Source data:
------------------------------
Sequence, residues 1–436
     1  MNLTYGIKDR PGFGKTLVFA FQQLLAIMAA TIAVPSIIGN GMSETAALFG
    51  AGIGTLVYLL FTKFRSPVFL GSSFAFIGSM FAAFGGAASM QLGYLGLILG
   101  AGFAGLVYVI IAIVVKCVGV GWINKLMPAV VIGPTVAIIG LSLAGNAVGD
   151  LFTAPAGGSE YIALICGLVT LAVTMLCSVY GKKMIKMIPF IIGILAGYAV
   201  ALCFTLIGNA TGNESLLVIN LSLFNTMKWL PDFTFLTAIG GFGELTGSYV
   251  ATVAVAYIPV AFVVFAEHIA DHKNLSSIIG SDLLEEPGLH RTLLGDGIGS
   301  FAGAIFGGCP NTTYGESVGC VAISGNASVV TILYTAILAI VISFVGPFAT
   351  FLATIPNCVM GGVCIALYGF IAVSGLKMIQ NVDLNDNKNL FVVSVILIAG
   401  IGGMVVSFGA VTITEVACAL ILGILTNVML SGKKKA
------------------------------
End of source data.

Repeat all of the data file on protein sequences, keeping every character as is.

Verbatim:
Sequence, residues 1–436
     1  MNLTYGIKDR PGFGKTLVFA FQQLLAIMAA TIAVPSIIGN GMSETAALFG
    51  AGIGTLVYLL FTKFRSPVFL GSSFAFIGSM FAAFGGAASM QLGYLGLILG
   101  AGFAGLVYVI IAIVVKCVGV GWINKLMPAV VIGPTVAIIG LSLAGNAVGD
   151  LFTAPAGGSE YIALICGLVT LAVTMLCSVY GKKMIKMIPF IIGILAGYAV
   201  ALCFTLIGNA TGNESLLVIN LSLFNTMKWL PDFTFLTAIG GFGELTGSYV
   251  ATVAVAYIPV AFVVFAEHIA DHKNLSSIIG SDLLEEPGLH RTLLGDGIGS
   301  FAGAIFGGCP NTTYGESVGC VAISGNASVV TILYTAILAI VISFVGPFAT
   351  FLATIPNCVM GGVCIALYGF IAVSGLKMIQ NVDLNDNKNL FVVSVILIAG
   401  IGGMVVSFGA VTITEVACAL ILGILTNVML SGKKKA